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When ecology meets art you get a dating site for trees


by Anne Brice



In 2015, as a Ph.D. student at UC Santa Cruz, Juniper Harrower was planning to go back to Costa Rica, where she’d been working in the cloud forests to study patterns of forest regeneration. But then she learned something — something heart-wrenching — that would change the path of her research.


“Scientists had just found out that Joshua trees were really impacted by climate change and could be gone from the National Park within 100 years,” said Harrower. “When I read that, it was such a gut punch.”


Harrower grew up in Joshua Tree National Park — a vast, protected area in Southern California, home to thousands of twisted, spiky Joshua trees. And hearing that the iconic species was in jeopardy, Harrower felt she had to do something.

“It started this whole trajectory of thinking about what species were really crucial for Joshua trees and how those interactions might change with the changing climate,” she said.

Berkeley News spoke with Harrower, now a first-year master’s student in UC Berkeley’s Department of Art Practice, about the power of art and science to spur social change and why she started a dating site for Joshua trees.


Berkeley News: You got your Ph.D. in environmental studies with a focus in ecoart from UC Santa Cruz in 2019, and now, you’re a first-year master’s student in the Department of Art Practice at UC Berkeley. What brought you to Berkeley?

Juniper Harrower: My background is in ecology, and I’ve spent the last eight years working as an environmental artist. I got my bachelor’s degree in plant biology from Berkeley, where I talked my way into some art classes. I was kind of jumping between science research and having a really visible art practice. I continued to have a very present art practice at UC Santa Cruz, where I created and still teach science art classes. I left Santa Cruz with a Ph.D. in environmental studies, but madly, madly in love with art.

At Berkeley, I’m thinking about how an arts practice that is connected to ecological research can impact social change.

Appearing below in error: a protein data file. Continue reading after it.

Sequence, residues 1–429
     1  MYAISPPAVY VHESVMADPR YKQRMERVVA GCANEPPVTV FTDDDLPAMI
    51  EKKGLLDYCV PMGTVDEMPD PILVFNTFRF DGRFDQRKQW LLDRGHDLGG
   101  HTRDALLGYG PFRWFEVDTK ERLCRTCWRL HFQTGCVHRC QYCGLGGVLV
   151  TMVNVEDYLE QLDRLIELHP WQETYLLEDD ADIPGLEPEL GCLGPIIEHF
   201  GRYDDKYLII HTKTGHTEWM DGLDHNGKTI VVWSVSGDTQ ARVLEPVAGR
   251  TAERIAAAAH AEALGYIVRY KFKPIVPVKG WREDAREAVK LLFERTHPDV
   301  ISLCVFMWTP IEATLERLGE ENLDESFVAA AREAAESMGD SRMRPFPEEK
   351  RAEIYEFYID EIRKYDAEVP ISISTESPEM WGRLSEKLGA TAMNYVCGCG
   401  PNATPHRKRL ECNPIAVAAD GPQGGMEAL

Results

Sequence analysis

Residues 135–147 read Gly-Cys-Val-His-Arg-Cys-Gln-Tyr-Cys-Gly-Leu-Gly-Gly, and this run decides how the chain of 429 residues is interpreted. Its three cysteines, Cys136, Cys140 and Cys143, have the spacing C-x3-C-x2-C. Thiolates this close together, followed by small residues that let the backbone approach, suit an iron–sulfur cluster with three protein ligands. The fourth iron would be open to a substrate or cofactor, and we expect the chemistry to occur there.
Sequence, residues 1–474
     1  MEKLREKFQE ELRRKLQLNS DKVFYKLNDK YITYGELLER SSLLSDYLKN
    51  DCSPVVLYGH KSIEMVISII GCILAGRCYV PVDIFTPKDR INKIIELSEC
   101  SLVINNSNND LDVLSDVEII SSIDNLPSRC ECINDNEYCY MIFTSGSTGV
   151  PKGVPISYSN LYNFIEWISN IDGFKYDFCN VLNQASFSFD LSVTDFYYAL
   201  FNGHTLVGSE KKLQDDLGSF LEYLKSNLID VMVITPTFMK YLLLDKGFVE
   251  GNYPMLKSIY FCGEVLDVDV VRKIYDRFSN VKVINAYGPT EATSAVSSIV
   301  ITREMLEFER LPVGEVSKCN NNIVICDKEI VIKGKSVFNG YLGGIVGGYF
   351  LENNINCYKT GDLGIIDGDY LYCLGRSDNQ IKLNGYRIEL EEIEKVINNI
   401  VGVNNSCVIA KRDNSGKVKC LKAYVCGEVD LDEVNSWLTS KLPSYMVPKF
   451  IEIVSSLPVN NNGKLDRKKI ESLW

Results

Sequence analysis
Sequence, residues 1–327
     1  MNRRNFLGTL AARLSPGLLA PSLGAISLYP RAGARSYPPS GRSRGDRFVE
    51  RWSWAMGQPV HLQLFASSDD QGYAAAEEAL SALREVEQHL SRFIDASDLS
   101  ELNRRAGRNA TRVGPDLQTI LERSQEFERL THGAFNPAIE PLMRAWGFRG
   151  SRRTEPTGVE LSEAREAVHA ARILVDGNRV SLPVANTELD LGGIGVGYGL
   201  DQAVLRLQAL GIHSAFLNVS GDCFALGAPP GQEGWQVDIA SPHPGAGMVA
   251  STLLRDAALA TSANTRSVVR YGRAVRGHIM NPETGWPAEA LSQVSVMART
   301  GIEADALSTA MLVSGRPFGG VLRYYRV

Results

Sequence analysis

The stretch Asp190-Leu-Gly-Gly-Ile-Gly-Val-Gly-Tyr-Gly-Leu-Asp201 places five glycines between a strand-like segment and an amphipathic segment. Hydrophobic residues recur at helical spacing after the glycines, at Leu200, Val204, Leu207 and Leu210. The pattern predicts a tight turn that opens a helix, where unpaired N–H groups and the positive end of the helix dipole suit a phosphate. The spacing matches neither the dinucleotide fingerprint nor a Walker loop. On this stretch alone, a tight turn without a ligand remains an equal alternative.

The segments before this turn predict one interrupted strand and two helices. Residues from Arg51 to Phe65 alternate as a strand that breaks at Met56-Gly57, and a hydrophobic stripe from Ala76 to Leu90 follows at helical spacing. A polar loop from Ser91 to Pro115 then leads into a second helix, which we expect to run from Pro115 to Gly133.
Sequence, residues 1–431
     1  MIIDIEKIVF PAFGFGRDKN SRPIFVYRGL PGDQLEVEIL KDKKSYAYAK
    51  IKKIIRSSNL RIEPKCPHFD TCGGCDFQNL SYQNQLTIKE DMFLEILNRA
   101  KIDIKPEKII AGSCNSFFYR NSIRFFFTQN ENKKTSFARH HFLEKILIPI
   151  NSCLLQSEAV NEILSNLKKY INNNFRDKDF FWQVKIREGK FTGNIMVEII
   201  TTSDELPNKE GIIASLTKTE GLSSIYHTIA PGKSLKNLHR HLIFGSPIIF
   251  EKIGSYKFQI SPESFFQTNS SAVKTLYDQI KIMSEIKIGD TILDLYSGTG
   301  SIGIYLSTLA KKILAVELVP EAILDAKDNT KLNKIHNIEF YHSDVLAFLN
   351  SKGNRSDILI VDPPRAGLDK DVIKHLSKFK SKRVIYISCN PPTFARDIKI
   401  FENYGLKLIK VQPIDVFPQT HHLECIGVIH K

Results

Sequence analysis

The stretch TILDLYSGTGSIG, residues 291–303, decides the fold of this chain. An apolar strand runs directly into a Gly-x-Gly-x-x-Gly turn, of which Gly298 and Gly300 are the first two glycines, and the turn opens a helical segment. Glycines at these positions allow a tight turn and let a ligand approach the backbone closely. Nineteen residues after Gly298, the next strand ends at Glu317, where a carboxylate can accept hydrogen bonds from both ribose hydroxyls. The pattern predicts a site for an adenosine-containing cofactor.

Berkeley has such an incredible art department. There’s a very strong post-colonialist framework that people are working from, and I’m looking forward to having those conversations and dismantling some of my science background. To have the incredible privilege of making art for two years with the support of an art practice committee is such a dream.


What is your ecological research about?

I’ve been studying for many years now, both as an artist and a scientist, species interaction under climate change. The system that I’ve been working with the most is the Joshua tree down in Joshua Tree National Park.


Joshua Tree National Park is basically the hottest, driest, furthest south place where Joshua trees can live. Joshua trees grow in parts of California, Nevada, Utah and Arizona. So, you have this testing ground of what’s happening at the hot spots, and we’re seeing at the hottest places where they’re growing, they’re not reproducing sexually.

The only way that Joshua trees can reproduce sexually is with this teeny tiny little moth. They pollinate the trees. It’s amazing. What’s even crazier is this moth is one of the only examples in the animal kingdom that does purposeful pollination. The moth visits and lays eggs inside of the flower, which becomes a nursery for the developing larva. They eat some of the Joshua tree seeds as they grow, and some of the seeds go on to become the next generation of Joshua trees. So, it’s this incredible story of symbiosis and millions of years of coevolution between these moths and these trees. It’s so wild.

We’re looking at how these relationships have so tightly coevolved over time and how tweaks and signaling in the climate can make it all crumble and fall apart. And then, poof! No more Joshua trees. This is just one story in all of the vast, giant species die-off that we’re going to be seeing.


While you were researching Joshua trees, you made a discovery about the way these trees communicate with each other. Can you explain your findings?

While I was doing fieldwork and lab work, I discovered for the first time that Joshua trees actually form these specialized fungal communities underground. They’d never been studied before. These fungal communities are critical for the tree in dealing with stress and climate change and drought.

I published an article on this research in the science journal PLOS One in August 2021 about the Joshua tree fungal communities. I’d been working on it for years and years. It was a ton of work. I’m the lead author and my co-author is Gregory Gilbert. He is on the faculty at UC Santa Cruz, and he was my adviser when I did my Ph.D.

In the paper, I’m looking at how Joshua trees have different fungal associations. Joshua trees and several other species of trees form a symbiotic relationship with several species of root fungi called mycorrhizae. Mycorrhizae are these little fungi that live in the soils, and they form symbiotic interactions with plant roots. They grow inside the plant roots and then out into the soils in these vast underground networks. They forage for water and nutrients, and they take it in and then trade it with another plant in exchange for plant sugars because the fungi don’t photosynthesize. So, the plant is giving the sugars in exchange for access to all of this stuff underground.



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